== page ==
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Job 29:14

14 I put on righteousness as my clothing; justice was my robe and my turban.

Read Job 29:14 Using Other Translations

I put on righteousness, and it clothed me: my judgment was as a robe and a diadem.
I put on righteousness, and it clothed me; my justice was like a robe and a turban.
Everything I did was honest. Righteousness covered me like a robe, and I wore justice like a turban.

What does Job 29:14 mean?

John Gill's Exposition of the Bible
Job 29:14

I put on righteousness, and it clothed me
Not the righteousness of his living Redeemer, the robe of righteousness and garment of salvation he had from him; though he had put on that by faith, and it was his clothing in the sight of God, which covered his person, and covered all his sins from the avenging eye of divine justice; and in which he was presented before God unblamable and irreprovable in his sight, and with which he was adorned and beautified, being made perfectly comely through it, and completely justified by it; but legal righteousness in the administration of his office as a magistrate; he put it on, that is, he exercised it, and he exercised it constantly from morning tonight, and day after day; as a man puts on his clothes in a morning, and keeps them on all the day, and which he is always repeating; and it was as visible in him, and to be seen and observed by all, as the clothes on his back; and it covered him all over as a garment does; no blemish was to be seen in him, or blame to be cast upon him, throughout the whole course of his administration; and this was a fence unto him against all calumny and reproach, as garments are against the inclemency of the weather; see ( 1 Samuel 12:3-5 ) ; so a godly conversation in the exercise of graces and virtues, and in the performance of duties both to God and man, is sometimes expressed by a putting them on, as garments are put on; see ( Ephesians 4:24 ) ( Colossians 3:10 Colossians 3:12 Colossians 3:14 ) ; and these are an outward clothing to appear in before men, and should be shown forth with meekness and wisdom, so as to be beheld by men; and should be continually exercised and constantly performed; and then they are a covering with respect to men, and they appear harmless, blameless, and without rebuke, in the midst of a crooked and perverse generation; and thus, by well doing, put to silence the ignorance of foolish men, and such to the blush, those who falsely accuse their good conversation: and this in every sense was Job's case:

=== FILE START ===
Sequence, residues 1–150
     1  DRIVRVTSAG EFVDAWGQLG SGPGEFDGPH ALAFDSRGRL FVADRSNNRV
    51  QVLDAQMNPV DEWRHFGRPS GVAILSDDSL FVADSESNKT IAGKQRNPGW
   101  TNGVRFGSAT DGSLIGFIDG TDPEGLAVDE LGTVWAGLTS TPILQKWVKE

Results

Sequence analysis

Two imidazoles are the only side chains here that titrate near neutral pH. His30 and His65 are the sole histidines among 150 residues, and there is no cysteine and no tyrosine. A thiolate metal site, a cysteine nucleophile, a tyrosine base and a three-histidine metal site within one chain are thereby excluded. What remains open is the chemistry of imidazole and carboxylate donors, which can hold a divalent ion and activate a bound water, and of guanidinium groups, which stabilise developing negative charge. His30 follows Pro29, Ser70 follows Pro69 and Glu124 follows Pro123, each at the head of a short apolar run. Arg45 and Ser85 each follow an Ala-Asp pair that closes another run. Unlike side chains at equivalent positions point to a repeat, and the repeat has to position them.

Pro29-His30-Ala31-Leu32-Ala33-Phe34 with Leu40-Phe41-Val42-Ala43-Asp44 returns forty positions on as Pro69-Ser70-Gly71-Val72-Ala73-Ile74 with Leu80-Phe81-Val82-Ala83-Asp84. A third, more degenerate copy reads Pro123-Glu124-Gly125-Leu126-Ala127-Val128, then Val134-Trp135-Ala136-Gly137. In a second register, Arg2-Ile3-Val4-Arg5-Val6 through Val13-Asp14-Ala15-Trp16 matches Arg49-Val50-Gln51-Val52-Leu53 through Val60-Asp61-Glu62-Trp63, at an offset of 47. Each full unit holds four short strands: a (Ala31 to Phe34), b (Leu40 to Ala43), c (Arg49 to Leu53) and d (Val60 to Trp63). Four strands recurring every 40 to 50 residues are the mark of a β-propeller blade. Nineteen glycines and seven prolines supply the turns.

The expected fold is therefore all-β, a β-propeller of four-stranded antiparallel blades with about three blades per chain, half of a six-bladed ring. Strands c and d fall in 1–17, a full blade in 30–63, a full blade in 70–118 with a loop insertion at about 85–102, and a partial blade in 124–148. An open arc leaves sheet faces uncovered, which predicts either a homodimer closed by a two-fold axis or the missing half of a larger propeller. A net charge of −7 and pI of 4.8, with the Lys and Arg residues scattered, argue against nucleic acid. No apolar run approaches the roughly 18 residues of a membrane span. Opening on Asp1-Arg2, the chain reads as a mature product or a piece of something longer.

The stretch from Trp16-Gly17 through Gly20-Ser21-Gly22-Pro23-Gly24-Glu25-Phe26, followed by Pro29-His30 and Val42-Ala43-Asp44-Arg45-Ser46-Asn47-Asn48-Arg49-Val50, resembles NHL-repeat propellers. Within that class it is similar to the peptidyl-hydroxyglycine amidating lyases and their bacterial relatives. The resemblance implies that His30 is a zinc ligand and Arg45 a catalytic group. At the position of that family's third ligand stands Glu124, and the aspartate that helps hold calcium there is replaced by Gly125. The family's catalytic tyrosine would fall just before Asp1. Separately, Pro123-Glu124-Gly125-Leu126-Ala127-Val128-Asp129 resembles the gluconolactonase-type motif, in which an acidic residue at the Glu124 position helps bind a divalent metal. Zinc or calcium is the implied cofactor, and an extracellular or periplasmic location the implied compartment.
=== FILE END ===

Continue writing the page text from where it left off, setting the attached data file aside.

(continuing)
my judgment [was] as a robe and diadem;
such as the high priest among the Jews wore in the execution of his office, which made him look grand and majestic; and it was usual in Job's time, as it is in ours, and has been the custom in all ages and countries, for judges and civil magistrates to be clothed in a different manner from others, as it is proper they should, to command an awe and reverence of them among the common people, and make them respectable to them: but Job did not so much regard his purple robe he was clad in, or the distinguishing turban he wore on his head, or whatever it was, and which might bear some resemblance to a mitre or a diadem; as it was his great concern to administer justice, which he reckoned his greatest honour, and was more ornamental to him than all the showy ensigns of his office; and it was this which gave him honour and esteem among all sorts of men, high and low: and his regard to the poor, before observed, did not arise from a foolish commiseration of them as poor men, and in order to get himself a name for his pity to them, but proceeded upon a principle of justice and equity, which he made the rule of his administration; he did not countenance the poor in his cause right or wrong; not the quality of the person, but the righteousness of his cause, was what he attended to; and he took his part not merely because he was a poor man, but seeing his cause was just.

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